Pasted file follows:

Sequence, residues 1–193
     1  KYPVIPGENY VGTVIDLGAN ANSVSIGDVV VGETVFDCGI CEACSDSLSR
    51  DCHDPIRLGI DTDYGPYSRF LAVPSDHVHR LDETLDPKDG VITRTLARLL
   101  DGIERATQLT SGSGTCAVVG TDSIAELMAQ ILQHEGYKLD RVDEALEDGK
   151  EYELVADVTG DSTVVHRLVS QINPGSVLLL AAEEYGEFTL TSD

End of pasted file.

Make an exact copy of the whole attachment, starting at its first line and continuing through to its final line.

Sequence, residues 1–193
     1  KYPVIPGENY VGTVIDLGAN ANSVSIGDVV VGETVFDCGI CEACSDSLSR
    51  DCHDPIRLGI DTDYGPYSRF LAVPSDHVHR LDETLDPKDG VITRTLARLL
   101  DGIERATQLT SGSGTCAVVG TDSIAELMAQ ILQHEGYKLD RVDEALEDGK
   151  EYELVADVTG DSTVVHRLVS QINPGSVLLL AAEEYGEFTL TSD